Embolic Protection Devices

During PCI of SVGs, atheroembolic debris can be liberated. This debris contains vasoactive substances that can contribute to no reflow, which can in turn considerably increase the risk of major adverse clinical events (MACE)[4]. Fortunately, embolic protection devices help capture this debris and improve outcomes in PCI for SVG stenosis. Therefore, it is recommended that these devices should be utilized in the intervention of most SVG lesions.

Currently, the FDA has approved five embolic protection devices in the United States. Specifically, these devices include one distal occlusion device, three filters, and one proximal occlusion device.

The FDA-approved distal occlusion device is called the PercuSurge Guardwire®, which involves inflating a balloon distal to the stenosis to occlude flow, thereby trapping the debris and vasoactive substances and preventing them from flowing downstream. Due to its small size, it requires little landing zone to deploy. The SAFER (Saphenous vein graft Angioplasty Free of Emboli Randomized) trial[5] showed that when compared to conventional guidewires, balloon occlusion devices (PercuSurge Guardwire®) reduced the rates of infarction and no-reflow after intervention. Despite these advantages, the PercuSurge Guardwire® may not be the best option for all, as some patients may not tolerate the necessary 3-5 minutes of ischemic time associated with this device. Additionally, it is known to cause both hemodynamic and arrhythmic complications.

Filter devices allow continual distal perfusion while macroscopic emboli are trapped in the filter. The FIRE (FilterWire EX During Transluminal Intervention of Saphenous Vein Grafts) trial[6][7] showed that FilterWire may be preferred over PercuSurge Guardwire® due to improved clinical outcomes. While they may reduce ischemic time, filter devices are associated with their own set of potential complications. They are more difficult to deliver than balloon occlusion devices, so their own delivery may lead to distal embolization, and they may not trap microscopic mediators of no reflow. Additionally, they require a significant landing zone distal to the lesion for the filter placement, which can be problematic for certain distal lesions that do not have enough room. There have also been case reports of filter entrapment in the graft after the completion of the PCI.

The FDA-approved proximal occlusion device is called the Proxis® device. Some advantages of this decide are that its deployment does not require crossing the stenosis, it provides superior support that is helpful where balloon or stent delivery is difficult, and it provides protected crossing of the lesion, if required. However, as shown by the PROXIMAL (Proximal Protection During Saphenous Vein Graft Intervention Using the Proxis Embolic Protection System) trial[8], in terms of overall outcomes, there is no significant difference in death, MI, or target vessel revascularization (TVR) between distal and proximal embolic protection devices.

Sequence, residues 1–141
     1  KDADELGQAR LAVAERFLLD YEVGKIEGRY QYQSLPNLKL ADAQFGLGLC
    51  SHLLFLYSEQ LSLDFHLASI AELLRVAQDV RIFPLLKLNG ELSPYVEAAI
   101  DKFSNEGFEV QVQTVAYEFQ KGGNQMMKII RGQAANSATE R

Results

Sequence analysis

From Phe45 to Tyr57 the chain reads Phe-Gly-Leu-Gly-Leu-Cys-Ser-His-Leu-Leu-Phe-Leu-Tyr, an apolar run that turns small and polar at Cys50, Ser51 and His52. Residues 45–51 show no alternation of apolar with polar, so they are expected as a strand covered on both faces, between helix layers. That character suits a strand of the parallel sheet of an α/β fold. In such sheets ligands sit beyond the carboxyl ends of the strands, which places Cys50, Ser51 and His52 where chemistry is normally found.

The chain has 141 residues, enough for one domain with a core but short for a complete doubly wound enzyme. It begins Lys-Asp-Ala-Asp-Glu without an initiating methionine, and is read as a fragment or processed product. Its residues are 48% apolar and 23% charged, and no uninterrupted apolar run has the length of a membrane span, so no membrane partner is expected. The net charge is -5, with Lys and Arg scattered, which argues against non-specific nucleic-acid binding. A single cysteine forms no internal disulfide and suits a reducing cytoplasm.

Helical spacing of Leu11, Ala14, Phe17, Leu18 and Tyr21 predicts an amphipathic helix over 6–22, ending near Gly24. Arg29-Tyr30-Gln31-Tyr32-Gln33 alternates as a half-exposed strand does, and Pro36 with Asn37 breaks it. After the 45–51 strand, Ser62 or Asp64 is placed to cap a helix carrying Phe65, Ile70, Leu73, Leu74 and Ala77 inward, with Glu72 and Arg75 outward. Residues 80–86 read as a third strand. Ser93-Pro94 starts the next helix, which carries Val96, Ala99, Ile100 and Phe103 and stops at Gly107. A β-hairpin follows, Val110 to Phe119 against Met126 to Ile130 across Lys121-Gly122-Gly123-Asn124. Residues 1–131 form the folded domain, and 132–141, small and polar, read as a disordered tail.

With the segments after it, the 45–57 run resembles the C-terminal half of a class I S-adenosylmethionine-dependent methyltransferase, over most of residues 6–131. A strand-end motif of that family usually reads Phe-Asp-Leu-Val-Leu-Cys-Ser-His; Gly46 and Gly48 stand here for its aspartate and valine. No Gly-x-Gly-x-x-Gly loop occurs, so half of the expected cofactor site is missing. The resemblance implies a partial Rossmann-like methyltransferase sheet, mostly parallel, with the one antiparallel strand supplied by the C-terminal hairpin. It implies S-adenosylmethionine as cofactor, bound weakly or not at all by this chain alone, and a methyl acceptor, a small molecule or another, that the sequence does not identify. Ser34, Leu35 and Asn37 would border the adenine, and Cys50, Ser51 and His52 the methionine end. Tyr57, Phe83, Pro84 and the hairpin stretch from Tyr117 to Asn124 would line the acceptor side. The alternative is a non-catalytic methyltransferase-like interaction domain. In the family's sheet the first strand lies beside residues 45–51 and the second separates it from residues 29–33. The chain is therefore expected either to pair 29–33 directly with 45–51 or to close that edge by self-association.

Debulking/Thrombus Removal

Data has not demonstrated a durable clinical benefit associated with debulking/thrombus removal. However, there are certain situations in which debulking techniques may be useful when treating saphenous vein grafts. For instance, severely calcified and stenotic lesions can make regular stent insertion especially difficult. When SVG lesions are too calcified to be crossed by a balloon or adequately dilated prior to stent placement, debulking and thrombus removal can change the compliance of the vessel wall. In addition, this technique is also useful if a lesion is at the aorto-ostial junction. Adjunctive stenting leads to better short and long term results.

There are several debulking/thrombus removal techniques, including directional coronary atherectomy, transluminal extraction catheter thrombectomy, rotational atherectomy, and laser atherectomy.

  • Directional coronary atherectomy (DCA) uses a circular cutting blade that excises atheroma into a chamber for removal. It is useful for aorto-ostial lesions and focal lesions in large vessels. However, due to its bulky nature, it is generally not used in vessels with angulation, tortuosity, or heavy calcification. CAVEAT II (Coronary Angioplasty Versus Excisional Atherectomy Trial)[9] examined how PTCA and DCA compared in the treatment of patients with coronary artery bypass graft stenoses. This study demonstrated that DCA was associated with higher initial angiographic success rates and larger acute luminal dimensions in comparison to PTCA. However, despite these successes, DCA also displayed an increased rate of non-Q wave myocardial infusion and distal embolization than PTCA. Furthermore, both techniques displayed similar restenosis rates.